Cost of living crisis: 'Biggest threat to non-league football since WW2' – BBC

  • October 20, 2022

The cost of living crisis poses the biggest threat to non-league football since World War Two, one of dozens of clubs spoken to by the BBC has said.
Teams across the lower tiers of the football pyramid fear the combination of dwindling attendances and higher energy prices could seal their fate.
The cost of matchday transport, floodlights and mowing the pitches have been identified as common problems.
The FA said it was trying to understand how to best help grassroots clubs.
Twenty-nine of the 31 non-league clubs who spoke to the BBC agreed that they were "very worried" about the current financial situation.
John Bailey, chairman of eighth-tier Didcot Town, said non-league football was facing its biggest threat since World War Two.
"I've been doing this for 30 years – it's never been as bad," he said.
"At least with Covid we got some grants. We can only last until January or February at this rate."
The club has been among a number who have called for earlier kick-offs to reduce its spending on powering floodlights.
Havant and Waterlooville chairman Trevor Brock said the team were doing well this season, which should mean a bumper crowd.
But they were one of 16 clubs to tell the BBC that gates were down. Attendances are currently about 900 but were previously 1,500.
He said their stadium was in "the middle of the second biggest council estate in Europe", so locals could not afford to go to the football.
Fifteen of the clubs the BBC spoke to said they were "the lucky ones" due to them being locked into pre-existing fixed-term tariffs for their utility bills.
But the rest reported the rises were their biggest concern, with things like floodlights and other amenities needed to keep grounds operating requiring huge amounts of power.
Oxford City will see their annual utility bill rise from £72,000 to £120,000, while Didcot Town will go from £14,400 to £60,000 – an increase of 316%.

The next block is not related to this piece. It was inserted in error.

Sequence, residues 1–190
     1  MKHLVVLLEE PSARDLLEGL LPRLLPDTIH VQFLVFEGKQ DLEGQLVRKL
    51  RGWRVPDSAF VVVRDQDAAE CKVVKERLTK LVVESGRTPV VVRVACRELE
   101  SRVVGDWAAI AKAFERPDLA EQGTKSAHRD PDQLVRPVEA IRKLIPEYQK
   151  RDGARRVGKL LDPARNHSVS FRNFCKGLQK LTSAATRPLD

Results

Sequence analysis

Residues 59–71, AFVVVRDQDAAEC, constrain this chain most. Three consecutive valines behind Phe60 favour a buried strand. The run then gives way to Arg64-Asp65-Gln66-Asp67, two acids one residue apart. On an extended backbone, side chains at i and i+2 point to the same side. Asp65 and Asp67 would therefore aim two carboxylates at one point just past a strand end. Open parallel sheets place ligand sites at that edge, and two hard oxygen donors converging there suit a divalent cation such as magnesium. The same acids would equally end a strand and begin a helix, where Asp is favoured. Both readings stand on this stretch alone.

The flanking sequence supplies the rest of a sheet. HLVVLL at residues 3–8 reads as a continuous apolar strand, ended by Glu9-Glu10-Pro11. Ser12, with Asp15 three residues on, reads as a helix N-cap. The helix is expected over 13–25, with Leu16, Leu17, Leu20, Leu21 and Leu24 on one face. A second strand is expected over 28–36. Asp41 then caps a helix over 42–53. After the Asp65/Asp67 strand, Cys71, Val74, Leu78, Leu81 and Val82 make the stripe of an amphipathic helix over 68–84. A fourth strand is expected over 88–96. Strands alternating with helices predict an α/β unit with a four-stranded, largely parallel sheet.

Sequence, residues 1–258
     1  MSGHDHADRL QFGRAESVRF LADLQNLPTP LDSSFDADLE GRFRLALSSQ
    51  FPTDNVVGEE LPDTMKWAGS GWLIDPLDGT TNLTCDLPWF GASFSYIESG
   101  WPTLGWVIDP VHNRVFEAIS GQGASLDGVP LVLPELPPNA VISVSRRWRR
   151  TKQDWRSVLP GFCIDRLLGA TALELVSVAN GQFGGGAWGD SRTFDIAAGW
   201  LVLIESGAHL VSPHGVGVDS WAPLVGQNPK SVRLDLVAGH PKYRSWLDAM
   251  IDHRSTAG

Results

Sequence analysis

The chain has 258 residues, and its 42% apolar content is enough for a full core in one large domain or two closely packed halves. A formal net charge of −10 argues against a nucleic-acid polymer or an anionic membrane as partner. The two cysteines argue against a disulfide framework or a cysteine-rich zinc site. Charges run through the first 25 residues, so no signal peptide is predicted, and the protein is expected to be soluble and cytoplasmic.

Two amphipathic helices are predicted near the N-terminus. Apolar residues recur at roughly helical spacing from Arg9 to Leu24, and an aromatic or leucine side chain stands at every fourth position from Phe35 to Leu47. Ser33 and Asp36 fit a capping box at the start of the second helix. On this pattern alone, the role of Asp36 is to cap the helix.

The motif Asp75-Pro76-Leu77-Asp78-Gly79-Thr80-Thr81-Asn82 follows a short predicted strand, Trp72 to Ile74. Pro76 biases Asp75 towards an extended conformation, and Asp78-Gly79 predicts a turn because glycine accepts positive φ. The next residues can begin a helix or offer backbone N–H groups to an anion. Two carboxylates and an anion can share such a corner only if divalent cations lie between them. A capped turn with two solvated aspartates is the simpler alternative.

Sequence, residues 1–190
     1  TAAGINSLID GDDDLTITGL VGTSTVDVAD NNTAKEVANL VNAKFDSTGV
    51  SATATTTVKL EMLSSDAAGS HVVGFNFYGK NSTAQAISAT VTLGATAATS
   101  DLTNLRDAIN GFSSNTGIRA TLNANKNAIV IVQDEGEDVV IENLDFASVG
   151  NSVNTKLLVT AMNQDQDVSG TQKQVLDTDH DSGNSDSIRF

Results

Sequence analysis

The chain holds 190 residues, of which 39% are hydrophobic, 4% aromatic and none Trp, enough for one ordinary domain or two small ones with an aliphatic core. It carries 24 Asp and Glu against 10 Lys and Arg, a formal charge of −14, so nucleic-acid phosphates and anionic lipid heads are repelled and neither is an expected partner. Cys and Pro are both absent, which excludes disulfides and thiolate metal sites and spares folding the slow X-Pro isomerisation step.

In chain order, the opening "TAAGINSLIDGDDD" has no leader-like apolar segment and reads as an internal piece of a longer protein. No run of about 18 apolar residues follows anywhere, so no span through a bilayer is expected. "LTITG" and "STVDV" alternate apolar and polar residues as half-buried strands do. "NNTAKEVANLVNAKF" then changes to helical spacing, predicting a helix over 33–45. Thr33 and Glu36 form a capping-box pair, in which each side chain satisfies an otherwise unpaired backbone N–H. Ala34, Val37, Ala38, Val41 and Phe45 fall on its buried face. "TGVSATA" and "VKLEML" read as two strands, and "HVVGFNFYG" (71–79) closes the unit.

Southampton-based Sholing FC's bills are doubling to £9,000, Salisbury's are trebling to £21,600 while Dorchester Town will pay £36,000 – a rise of £16,000.
It seems the crisis affecting the south's non-league clubs is a perfect storm of rising costs and falling crowds.
The clubs that own their ground, are not locked into an energy tariff, use coaches a lot for away travel, and aren't being propped up by generous backers face extinction.
Clubs at the heart of their community, which in some cases have been around for a 100 years or more, told us they may cease to exist in 12 months.
They are a million miles away from the glamour of the top of the football pyramid where a player's monthly salary will cover many non-league clubs' bills for years.
Although many want to remain optimistic, they also told us that this could be it.
After weathering world wars, global recessions and the pandemic, it could be the cost of keeping the lights on that sends them to the wall.
After the players' wage bill and utility costs, the most significant expense is hiring transport to take the team to away matches.
Robert McAlees, chairman of Littlehampton Town, said: "I cry when I call all the coach companies because it's always twice as much as last season."
Brackley Town, based in Northamptonshire, are the club perhaps most affected by the cost of hiring coaches to games as they are the team furthest south in the National League North.
They have to regularly travel north of Newcastle. A coach to Blythe was £1,070 last season and is £1,600 this season.
Compounding this, half of club bosses reported a drop in attendances from last season which they attribute predominantly to the cost of living crisis.
Mike Lightfoot, chairman of Slough Town, said their sales of season tickets, which cost £200 each, were down by 77, meaning a loss of £15,400 in revenue.
"I stare at the accounts every day thinking 'how can I get us more cash?'" he said.
Bracknell Town, nicknamed The Robins, were formed in 1896 and have been owned by the same family for decades.
They were promoted last season as champions and currently play in the Southern Premier South league – the seventh tier of English football.
However, rising costs mean they are not currently a viable business.
Some of the year-on-year price rises they are facing:
Chairman Kayne Steinborn-Busse said: "You can't pass on every cost that we face – we are having to absorb it.
"If myself and my family weren't backing Bracknell Town they wouldn't be surviving now… is it a viable business? No."
Iain McInnes, the former chairman of Portsmouth who now runs Gosport Borough, said: "I've been around the block for a long time and this is biggest obstacle [non-league football] have ever faced."
A FA spokesperson said: "As we've outlined in our grassroots strategy, Survive, Revive, Thrive, we have identified the club network and grassroots workforce as priority areas and will continue to work with every segment of the game to understand how we can best support and serve them as we move forward.
"We are also aware of and will continue to proactively monitor the effect of the current cost of living on grassroots football."
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